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The November 2014 Schedule for TCM

Discussion of programming on TCM.

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kingrat
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The November 2014 Schedule for TCM

Postby kingrat » October 31st, 2014, 12:20 pm

Sunday night has a Film Imports double feature I'm eager to see: LE SILENCE DE LA MER (SILENCE OF THE SEA) and LES ENFANTS TERRIBLES (on the schedule as "THE STRANGE ONES"), both directed by Jean-Pierre Melville, the later based on a work of Jean Cocteau. These have not been shown at least in the last five years, so grab the chance if you're interested. I've never seen either.

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Re: The November 2014 Schedule for TCM

Postby moira finnie » October 31st, 2014, 1:47 pm

Here's the entire schedule for November:

http://www.tcm.com/schedule/monthly.html?sdate=2014-11-01

kingrat wrote:Sunday night has a Film Imports double feature I'm eager to see: LE SILENCE DE LA MER (SILENCE OF THE SEA) and LES ENFANTS TERRIBLES (on the schedule as "THE STRANGE ONES"), both directed by Jean-Pierre Melville, the later based on a work of Jean Cocteau. These have not been shown at least in the last five years, so grab the chance if you're interested. I've never seen either.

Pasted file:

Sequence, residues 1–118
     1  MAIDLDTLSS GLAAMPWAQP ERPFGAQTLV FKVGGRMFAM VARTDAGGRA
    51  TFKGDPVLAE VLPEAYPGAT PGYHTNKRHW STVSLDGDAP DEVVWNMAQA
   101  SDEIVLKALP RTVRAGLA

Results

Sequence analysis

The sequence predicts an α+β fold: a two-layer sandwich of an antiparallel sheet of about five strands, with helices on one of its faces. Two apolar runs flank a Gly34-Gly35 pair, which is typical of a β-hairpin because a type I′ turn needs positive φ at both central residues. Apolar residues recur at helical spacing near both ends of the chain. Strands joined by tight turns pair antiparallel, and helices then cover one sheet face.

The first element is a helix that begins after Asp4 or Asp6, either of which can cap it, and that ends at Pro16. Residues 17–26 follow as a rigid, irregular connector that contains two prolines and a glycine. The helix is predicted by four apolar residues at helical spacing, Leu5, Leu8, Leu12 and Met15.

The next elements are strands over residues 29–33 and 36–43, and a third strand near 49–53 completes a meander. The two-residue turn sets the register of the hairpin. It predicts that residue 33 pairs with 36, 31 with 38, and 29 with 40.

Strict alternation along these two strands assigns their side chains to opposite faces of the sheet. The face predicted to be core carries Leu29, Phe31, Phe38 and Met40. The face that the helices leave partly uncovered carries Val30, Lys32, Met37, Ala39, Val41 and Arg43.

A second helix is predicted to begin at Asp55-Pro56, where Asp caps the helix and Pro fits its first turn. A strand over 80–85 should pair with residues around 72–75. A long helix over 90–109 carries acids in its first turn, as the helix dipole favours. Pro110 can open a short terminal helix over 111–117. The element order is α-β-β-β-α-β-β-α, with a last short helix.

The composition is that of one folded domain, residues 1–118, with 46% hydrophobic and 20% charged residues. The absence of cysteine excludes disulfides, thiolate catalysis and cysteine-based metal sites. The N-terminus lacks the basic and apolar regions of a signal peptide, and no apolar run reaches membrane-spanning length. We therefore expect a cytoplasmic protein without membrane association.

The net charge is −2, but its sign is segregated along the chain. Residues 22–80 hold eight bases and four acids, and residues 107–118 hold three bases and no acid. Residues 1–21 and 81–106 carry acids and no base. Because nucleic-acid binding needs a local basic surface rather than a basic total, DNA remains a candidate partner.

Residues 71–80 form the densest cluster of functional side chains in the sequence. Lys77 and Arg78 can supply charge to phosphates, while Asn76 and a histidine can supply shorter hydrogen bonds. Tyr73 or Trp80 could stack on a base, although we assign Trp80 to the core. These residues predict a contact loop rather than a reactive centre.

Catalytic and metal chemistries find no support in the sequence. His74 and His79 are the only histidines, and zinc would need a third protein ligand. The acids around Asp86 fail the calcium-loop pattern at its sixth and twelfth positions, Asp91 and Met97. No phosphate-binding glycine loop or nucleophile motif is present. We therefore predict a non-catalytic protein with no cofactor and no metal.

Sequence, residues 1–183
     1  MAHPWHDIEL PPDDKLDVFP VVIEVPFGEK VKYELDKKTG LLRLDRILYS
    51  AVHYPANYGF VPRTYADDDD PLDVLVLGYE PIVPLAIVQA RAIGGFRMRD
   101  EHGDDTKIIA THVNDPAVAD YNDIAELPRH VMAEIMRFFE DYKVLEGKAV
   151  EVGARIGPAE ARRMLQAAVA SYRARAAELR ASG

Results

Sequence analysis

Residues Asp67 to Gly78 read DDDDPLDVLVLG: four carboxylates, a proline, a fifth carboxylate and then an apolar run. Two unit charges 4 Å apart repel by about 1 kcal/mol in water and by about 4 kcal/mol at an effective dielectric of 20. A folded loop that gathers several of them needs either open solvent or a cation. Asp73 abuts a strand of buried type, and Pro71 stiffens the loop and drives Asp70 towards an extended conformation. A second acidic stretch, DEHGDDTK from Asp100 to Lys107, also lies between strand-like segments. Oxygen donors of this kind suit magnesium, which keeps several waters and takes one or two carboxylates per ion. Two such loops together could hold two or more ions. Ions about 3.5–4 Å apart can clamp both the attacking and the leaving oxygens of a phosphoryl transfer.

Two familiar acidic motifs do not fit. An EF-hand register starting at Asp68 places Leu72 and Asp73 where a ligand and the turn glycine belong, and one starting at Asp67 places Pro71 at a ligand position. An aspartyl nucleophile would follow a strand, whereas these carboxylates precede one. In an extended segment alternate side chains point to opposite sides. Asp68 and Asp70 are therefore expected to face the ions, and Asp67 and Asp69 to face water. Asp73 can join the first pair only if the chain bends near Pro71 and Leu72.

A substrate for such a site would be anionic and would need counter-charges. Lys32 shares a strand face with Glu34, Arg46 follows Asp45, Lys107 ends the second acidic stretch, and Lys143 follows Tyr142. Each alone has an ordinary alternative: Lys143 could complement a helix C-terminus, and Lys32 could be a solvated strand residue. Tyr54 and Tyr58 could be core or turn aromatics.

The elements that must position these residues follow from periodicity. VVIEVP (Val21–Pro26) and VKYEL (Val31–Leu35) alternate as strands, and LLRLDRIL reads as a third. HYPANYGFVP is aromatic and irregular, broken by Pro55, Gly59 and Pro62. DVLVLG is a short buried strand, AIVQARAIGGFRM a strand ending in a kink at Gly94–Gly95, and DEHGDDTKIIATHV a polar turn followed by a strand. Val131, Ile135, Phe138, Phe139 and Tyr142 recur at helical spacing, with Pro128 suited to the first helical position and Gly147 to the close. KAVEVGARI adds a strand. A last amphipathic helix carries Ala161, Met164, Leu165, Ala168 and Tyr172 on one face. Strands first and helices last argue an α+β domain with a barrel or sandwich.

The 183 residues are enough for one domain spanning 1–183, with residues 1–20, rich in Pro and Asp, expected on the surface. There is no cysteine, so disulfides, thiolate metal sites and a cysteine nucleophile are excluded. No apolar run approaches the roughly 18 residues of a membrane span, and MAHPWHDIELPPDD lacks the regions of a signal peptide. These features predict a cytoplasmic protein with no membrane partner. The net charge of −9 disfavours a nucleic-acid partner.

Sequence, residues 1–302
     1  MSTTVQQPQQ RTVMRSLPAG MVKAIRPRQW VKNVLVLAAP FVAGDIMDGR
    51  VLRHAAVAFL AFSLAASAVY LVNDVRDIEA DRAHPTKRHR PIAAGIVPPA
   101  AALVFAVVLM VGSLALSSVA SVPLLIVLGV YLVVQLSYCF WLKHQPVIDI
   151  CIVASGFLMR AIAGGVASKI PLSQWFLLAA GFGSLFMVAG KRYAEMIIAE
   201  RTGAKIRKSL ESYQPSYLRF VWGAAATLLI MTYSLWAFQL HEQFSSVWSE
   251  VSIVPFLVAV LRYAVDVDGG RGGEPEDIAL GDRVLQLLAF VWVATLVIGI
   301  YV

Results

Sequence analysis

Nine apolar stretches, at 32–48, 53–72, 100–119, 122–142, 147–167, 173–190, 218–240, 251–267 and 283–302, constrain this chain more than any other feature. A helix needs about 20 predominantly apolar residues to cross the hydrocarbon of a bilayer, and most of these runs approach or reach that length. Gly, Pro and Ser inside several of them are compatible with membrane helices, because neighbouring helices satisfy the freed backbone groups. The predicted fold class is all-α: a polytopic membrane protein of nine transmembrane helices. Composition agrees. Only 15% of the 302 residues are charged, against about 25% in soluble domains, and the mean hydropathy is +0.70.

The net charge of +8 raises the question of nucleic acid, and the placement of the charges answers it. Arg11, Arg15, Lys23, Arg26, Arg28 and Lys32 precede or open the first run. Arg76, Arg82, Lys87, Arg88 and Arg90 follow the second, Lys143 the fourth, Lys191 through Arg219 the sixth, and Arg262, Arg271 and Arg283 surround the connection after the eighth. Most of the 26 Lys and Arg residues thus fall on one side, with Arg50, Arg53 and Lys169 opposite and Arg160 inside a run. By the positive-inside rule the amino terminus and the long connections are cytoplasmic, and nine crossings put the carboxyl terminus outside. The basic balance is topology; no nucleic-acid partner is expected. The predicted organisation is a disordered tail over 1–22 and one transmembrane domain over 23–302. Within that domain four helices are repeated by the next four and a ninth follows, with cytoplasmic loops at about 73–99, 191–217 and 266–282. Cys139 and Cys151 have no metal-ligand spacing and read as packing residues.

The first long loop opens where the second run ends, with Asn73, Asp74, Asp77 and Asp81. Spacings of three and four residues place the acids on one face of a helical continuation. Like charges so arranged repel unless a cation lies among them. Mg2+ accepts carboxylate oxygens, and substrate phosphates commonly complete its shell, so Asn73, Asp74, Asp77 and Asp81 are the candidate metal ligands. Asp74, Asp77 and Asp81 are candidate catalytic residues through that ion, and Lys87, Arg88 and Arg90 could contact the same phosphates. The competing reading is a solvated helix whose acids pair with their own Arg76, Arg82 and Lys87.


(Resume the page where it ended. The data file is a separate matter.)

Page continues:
Kingrat, Le Silence de la Mer (1949) is fascinating but daunting in a way that most modern movies are not. The film has what I think of as very "Melvillian" sequences without much dialogue, as occurred in two of his greatest movies, Le Samourai (1967) and Army of Shadows (1969). For the most part, the speech that does occur in the film is a monologue by the poor German schmo of a lieutenant, since the old man and young woman whose house he is billeted in refuse to speak to him in a passive-aggressive kind of mute protest. It becomes more and more maddening for the Nazi.

I am curious about the Cocteau-derived Les Enfants Terribles (1950) since many people hate it or love it--but few seem to just like it.